Best in Science

For the last few days of November, 2014, I attended our “Best in Science” Symposium, which showcases some of the best scientific achievements achieved by (and funded by) Ontario’s Ministry of the Environment and Climate Change. It’s an interest, but not what I do for my daily job. My biggest focus on the global problem of Climate Change would have been in the mid-nineties, when I was studying geography at Penn State and writing my thesis. A lot has happened since then: but the essential scientific facts were indicative then, indisputable now.

The sessions at the conference have focused on modeling (which have included GIS, my specialty), impact assessment and adaptation. One of the shifts in the last 20 years seems to have been a slow change in perspective from mitigation (lessening the impacts of climate change: primary by reducing greenhouse gases) to one of adaptation (seeing that we’re not doing very well at mitigating, reducing the bad effects that climate change will have on human populations).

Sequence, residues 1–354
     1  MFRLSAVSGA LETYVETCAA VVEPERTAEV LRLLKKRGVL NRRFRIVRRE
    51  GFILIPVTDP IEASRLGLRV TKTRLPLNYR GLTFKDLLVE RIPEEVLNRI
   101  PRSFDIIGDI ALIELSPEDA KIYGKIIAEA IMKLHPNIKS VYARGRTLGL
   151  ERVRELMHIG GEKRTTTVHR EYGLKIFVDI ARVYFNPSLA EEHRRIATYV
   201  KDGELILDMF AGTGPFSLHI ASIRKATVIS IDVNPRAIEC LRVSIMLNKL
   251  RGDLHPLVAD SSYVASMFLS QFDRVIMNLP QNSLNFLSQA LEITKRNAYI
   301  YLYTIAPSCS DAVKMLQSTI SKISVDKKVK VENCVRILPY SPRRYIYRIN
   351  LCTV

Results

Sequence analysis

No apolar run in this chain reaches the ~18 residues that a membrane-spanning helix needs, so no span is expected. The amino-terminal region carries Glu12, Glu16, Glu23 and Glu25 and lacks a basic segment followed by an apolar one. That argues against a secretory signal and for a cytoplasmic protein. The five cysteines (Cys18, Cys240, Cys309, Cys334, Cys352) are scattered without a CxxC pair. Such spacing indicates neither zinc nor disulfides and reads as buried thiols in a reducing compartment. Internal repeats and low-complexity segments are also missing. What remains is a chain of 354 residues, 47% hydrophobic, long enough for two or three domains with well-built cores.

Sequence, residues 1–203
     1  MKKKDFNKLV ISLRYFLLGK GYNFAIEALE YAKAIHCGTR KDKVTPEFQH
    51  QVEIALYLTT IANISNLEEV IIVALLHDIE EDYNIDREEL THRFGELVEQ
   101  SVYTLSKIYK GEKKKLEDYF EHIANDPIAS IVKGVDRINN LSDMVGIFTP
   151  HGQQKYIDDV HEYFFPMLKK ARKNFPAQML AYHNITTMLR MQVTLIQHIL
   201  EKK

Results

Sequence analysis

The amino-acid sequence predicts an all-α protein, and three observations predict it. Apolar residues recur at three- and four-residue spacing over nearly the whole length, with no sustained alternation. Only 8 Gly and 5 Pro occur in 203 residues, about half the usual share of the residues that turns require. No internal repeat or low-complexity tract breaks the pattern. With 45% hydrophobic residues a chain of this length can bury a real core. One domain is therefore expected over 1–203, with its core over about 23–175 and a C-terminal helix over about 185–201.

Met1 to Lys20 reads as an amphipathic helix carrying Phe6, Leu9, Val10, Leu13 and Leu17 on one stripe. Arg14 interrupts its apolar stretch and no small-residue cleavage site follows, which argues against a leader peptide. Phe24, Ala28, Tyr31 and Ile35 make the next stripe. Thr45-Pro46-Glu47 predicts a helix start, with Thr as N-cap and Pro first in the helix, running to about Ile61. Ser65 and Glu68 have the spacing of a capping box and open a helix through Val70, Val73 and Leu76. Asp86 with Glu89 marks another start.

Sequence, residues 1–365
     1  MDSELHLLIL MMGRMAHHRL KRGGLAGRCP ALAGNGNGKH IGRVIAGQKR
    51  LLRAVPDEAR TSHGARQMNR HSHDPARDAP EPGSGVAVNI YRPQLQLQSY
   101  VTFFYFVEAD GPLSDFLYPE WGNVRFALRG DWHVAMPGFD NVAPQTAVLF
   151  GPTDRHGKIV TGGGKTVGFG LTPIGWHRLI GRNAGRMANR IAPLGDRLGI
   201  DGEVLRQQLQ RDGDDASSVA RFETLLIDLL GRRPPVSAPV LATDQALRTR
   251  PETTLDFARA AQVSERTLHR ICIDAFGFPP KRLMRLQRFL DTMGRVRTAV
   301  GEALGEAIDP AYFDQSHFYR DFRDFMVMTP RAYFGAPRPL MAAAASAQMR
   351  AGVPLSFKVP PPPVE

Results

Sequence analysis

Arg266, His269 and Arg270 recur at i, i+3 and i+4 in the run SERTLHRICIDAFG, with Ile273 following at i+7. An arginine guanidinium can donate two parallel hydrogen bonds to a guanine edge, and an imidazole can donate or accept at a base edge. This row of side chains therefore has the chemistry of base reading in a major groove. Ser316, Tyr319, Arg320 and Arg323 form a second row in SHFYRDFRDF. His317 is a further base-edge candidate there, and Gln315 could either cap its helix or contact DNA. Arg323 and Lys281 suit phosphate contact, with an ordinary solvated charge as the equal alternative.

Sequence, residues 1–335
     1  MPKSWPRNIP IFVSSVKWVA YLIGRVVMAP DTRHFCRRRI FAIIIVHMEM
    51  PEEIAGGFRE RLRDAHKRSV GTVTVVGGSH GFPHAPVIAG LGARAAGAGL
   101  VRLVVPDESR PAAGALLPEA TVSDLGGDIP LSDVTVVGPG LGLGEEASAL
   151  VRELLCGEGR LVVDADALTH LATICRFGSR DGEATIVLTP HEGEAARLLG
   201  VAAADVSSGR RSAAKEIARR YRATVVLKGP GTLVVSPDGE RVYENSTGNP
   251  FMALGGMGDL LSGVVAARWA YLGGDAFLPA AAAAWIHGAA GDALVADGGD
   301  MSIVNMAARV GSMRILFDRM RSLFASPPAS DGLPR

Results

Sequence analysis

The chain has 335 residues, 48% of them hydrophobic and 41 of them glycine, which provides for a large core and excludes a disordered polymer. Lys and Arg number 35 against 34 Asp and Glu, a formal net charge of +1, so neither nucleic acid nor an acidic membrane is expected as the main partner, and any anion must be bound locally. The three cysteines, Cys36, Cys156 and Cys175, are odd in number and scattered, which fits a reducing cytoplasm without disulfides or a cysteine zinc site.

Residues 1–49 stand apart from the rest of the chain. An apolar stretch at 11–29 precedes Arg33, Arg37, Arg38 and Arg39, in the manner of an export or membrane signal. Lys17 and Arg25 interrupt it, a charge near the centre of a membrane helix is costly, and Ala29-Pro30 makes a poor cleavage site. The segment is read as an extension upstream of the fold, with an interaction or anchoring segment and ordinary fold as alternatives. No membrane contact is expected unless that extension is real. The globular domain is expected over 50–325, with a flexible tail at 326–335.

All comments relating to this subject are solely mine and are not reflective of the Ministry of Environment and Climate Change, nor the Ontario Public Service.

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